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Acting up Role – Requirement to have Active C Licence at Interview Unreasonable

In the recent case of General Operator v County Council ADJ-00033754, the employee was engaged in the environmental section of the employer organisation. At times he was expected to “act up” into the role of foreman and was paid for this.


During 2021 the employer held a competition to fill the role on a permanent basis. Whilst the employee naturally believed himself to be qualified for the role, the essential criteria for the role included an active C licence. The employee was upset by this as no C licence was required by him to act up into the role, nor had one been required during his tenure.

The employee wrote to his employer in advance of the competition, setting out his views in relation to it and seeking to have the requirement for the C licence removed however his employer would not agree. As a consequence of this, the employee was effectively barred from applying from a role that he had been fulfilling on a temporary basis. The employee argued that the criterion in question was not in fact essential as he had been fulfilling the role on a temporary basis without the need for an active C licence. The employer stated that they are entitled to set the criteria for selection based on their own requirements and the requirement for a C licence was not unreasonable and was consistent with previous competitions.

Workplace Relations Commission

The Workplace Relations Commission noted that a category C driver’s licence was not an essential requirement for the foreman role and the employee had been acting up in the foreman capacity for some time without the need for such a licence. It also appeared that the employer’s section did not in fact utilise any vehicles that would require such a licence and that such a requirement was potentially a “preferred qualification, rather than an essential requirement”. It was also observed that an employer could appoint an employee to the role on the understanding that they would work towards achieving the qualification within a certain timeframe.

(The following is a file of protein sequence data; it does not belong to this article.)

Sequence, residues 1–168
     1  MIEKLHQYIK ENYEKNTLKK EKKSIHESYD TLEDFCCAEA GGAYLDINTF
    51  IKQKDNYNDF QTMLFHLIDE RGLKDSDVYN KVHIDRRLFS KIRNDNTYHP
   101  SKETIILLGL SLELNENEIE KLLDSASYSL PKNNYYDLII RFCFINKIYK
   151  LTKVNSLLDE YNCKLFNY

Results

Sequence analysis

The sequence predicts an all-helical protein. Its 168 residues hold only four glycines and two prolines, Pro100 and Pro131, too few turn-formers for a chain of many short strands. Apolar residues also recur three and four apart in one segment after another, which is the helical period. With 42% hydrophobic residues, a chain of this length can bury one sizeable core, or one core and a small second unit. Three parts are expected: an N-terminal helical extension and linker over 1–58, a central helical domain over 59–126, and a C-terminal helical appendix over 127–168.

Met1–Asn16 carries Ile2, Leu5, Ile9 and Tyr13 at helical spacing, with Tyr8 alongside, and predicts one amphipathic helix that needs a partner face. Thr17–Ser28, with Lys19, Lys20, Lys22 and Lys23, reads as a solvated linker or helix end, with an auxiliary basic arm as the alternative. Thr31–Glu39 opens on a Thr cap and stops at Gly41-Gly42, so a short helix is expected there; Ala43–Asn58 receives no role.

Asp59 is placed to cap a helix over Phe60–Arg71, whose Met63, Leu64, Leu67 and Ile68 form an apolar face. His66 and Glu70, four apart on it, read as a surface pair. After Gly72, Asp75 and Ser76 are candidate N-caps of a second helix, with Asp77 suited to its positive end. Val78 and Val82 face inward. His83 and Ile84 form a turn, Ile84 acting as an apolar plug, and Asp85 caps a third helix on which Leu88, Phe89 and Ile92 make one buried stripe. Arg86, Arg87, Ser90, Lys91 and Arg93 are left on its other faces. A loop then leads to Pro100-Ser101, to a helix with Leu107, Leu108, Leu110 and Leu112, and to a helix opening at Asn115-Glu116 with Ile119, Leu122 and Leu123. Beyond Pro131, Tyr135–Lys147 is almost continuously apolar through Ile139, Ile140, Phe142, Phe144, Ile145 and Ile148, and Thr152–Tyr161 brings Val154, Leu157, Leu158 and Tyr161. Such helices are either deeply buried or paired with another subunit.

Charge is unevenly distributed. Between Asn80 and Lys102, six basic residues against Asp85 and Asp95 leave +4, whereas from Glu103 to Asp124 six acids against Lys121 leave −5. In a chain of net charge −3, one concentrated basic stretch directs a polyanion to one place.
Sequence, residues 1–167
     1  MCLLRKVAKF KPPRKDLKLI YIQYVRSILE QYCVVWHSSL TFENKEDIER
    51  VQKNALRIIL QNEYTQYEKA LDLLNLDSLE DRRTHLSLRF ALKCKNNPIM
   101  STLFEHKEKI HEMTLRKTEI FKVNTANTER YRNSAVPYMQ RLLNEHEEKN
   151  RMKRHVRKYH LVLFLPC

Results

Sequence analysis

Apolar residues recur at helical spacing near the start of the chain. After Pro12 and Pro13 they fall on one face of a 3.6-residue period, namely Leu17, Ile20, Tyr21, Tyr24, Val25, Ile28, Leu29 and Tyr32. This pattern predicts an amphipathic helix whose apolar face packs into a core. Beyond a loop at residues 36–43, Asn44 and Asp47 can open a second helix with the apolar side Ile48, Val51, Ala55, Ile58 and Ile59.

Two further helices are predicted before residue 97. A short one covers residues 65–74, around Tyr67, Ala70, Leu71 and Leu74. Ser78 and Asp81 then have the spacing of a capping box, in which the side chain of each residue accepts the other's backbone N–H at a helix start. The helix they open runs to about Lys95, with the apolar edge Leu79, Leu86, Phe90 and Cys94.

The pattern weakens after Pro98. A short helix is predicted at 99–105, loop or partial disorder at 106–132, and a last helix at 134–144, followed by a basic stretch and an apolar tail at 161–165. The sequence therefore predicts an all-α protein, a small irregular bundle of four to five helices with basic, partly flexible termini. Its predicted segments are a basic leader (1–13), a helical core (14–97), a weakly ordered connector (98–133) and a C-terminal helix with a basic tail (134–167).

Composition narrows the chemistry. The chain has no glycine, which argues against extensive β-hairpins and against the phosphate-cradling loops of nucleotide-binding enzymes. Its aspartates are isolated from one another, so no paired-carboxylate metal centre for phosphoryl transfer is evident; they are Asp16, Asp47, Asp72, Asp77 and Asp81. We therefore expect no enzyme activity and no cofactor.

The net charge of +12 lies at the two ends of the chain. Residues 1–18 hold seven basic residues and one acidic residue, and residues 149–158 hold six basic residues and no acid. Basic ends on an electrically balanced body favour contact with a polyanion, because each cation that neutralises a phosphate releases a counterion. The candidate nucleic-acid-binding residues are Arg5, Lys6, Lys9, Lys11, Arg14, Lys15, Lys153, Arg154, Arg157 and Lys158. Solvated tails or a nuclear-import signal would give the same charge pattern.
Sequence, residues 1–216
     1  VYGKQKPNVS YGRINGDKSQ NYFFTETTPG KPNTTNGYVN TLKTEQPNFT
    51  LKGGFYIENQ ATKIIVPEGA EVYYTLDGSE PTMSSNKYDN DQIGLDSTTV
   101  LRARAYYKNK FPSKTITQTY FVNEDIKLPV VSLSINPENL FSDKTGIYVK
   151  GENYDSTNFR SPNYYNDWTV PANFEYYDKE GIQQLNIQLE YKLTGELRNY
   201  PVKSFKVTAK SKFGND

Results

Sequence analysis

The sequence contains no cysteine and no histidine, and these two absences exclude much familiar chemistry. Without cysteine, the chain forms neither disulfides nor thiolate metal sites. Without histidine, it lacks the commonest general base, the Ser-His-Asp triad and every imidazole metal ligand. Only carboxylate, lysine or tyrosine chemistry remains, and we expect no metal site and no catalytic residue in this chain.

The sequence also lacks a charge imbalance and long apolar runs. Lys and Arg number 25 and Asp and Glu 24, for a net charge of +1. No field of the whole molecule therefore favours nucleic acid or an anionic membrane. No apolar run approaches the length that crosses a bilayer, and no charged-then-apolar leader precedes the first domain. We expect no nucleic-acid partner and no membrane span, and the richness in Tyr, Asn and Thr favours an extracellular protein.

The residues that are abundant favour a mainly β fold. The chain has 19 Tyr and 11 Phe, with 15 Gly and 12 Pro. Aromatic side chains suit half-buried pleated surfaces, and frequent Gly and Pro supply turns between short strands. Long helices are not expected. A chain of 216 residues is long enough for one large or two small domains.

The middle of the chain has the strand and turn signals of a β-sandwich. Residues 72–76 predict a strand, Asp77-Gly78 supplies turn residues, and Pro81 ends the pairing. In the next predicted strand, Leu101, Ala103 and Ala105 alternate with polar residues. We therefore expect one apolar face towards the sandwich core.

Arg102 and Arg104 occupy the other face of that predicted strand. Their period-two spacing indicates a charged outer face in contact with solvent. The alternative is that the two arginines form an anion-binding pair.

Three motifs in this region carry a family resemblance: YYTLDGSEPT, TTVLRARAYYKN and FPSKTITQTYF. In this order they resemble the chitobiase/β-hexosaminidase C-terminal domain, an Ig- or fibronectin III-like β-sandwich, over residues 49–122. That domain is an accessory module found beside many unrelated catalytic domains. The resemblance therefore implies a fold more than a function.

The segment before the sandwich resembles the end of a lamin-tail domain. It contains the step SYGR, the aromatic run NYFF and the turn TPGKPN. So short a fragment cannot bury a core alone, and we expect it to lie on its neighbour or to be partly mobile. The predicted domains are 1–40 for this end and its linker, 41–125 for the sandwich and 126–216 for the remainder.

The Adjudicator found that the employer “acted unreasonably in designating the requirement to have a C licence as an essential requirement for the role”.

As the competition had ended, it was recommended that the employer pay the employee the sum of €2,000 in compensation and remove the criterion in question as an essential requirement for further competitions. 

In the office, we receive a lot of queries in respect of “acting up positions” and whilst the above recommendation is not legally binding on the employer (i.e. they do not have to pay it), it is very important to take legal advice as soon as possible to ensure you are fully aware of all legal options available to you.

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